However, 50 days later Sarah made the brave move to attend an AA meeting as the feelings of despair, shame and guilt refused to dwindle. It was the best decision of her life.
‘There was a woman there talking about her washing machine head and how she couldn’t stop thinking about having a drink. I was listening to other people and thinking “that is my story and they now have their lives back”. I realised I had the same thinking and this is where I needed to be,’ she reveals.
But Sarah realised she would have to face-up to the bitter truth if she was to change her life. ‘I’m a control freak but with AA you have to hand yourself over to a higher power,’ she says.
The process began by writing down a kind of moral inventory of her deepest and darkest secrets including of people she had harmed. ‘You are encouraged to undertake fearless self-searching. You are forced to look at yourself honestly and see all your flaws,’ she says.
It is a cathartic journey where you get to ‘right the wrongs’ of past behaviour and move forward but it is all about actions and not words. ‘Being sober is making amends, but just saying you will give up the drink is not,’ Sarah explains.
But Sarah’s move to redemption has been an enlightening and rewarding experience. Since joining up with the AA she has gone back to university and got a masters degree, repaired her fragmented relationships, had her first boyfriend and got a job.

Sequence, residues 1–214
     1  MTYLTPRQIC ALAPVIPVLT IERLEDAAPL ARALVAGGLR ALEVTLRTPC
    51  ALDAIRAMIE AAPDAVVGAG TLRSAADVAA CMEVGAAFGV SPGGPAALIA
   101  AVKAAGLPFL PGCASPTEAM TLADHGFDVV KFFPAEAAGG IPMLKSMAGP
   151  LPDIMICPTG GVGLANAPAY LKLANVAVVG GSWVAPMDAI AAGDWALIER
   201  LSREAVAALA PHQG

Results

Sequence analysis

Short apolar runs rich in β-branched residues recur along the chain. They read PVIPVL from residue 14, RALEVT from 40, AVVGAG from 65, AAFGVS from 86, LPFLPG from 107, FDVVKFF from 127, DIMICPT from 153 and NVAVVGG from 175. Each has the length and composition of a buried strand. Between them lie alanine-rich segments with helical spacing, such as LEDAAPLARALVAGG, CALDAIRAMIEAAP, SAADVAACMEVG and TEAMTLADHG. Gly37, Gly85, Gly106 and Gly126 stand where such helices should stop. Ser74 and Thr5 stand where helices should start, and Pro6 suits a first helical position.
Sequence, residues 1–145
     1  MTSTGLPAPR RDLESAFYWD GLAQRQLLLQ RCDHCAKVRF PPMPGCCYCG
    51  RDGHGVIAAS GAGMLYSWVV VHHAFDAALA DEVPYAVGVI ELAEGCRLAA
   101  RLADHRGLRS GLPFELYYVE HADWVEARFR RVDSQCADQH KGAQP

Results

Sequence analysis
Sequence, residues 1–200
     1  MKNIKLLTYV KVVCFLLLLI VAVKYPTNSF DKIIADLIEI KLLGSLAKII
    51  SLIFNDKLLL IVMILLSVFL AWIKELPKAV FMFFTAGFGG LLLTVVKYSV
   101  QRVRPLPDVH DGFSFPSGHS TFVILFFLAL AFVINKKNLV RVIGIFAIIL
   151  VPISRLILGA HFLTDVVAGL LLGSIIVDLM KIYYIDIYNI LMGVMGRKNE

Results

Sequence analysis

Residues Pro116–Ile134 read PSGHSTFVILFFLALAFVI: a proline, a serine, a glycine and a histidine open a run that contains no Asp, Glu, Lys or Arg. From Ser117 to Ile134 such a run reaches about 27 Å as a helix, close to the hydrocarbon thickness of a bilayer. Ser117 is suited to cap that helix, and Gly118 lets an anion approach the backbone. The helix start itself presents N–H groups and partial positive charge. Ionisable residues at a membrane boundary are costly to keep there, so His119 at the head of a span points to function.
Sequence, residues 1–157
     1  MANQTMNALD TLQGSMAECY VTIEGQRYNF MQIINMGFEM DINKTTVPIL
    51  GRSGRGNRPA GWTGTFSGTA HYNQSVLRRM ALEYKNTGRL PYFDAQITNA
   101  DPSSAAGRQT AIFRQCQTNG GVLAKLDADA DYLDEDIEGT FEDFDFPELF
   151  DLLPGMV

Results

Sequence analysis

‘I now do things I never thought I would do like just having a picnic and enjoying the experience for what it is,’ she says. ‘I now find a deeper meaning and purpose in life.’
Sarah’s eternal gratitude to AA is highlighted by her achieving a full cycle in her rehabilitation with her now chairing meetings. ‘You can join AA meetings for free and then six months later you are in the best place in your life so I felt it was important to give back,’ she says.
While practising living in the present, Sarah also now prays everyday. ‘It doesn’t have to be religious, it’s just realising there is a higher power and surrendering yourself to it,’ she says.
Asked what advice she has for people who think they may have a problem with alcohol, Sarah says: ‘If you are suffering because you are drinking and you want to stop but can’t then go to AA. It changed my life and will do the same for others.’
THE damaging consequences of alcohol in the city can be seen from recent Public Health England figures.
Alcohol related mortality rates for males and females in 2017 shows there were 90 deaths in Portsmouth – with 61 of these being male and 29 female.
It is a similar picture for alcohol specific mortality between 2015-17 with 85 deaths recorded. Again, most of these were male with 58 and just 27 female.
Mortality in adults from chronic liver problems shows there were 78 deaths between 2015-17 – with 53 of these male.
The figures calculated there were 1,283 years of life lost from alcohol deaths in 2017 – with 928 of these among men.
In total, there were 333 alcohol deaths across Hampshire between 2015-17. West Sussex has seen 263 fatalities in the same period.
Meanwhile Southampton had a similar number of deaths as Portsmouth with the city recording 90 deaths.
Across the south-east region as a whole there have been 16,656 – working out at a rate of seven per every 100,000. The rates in Portsmouth are more than double this with the city averaging 17 deaths per every 100,000 people.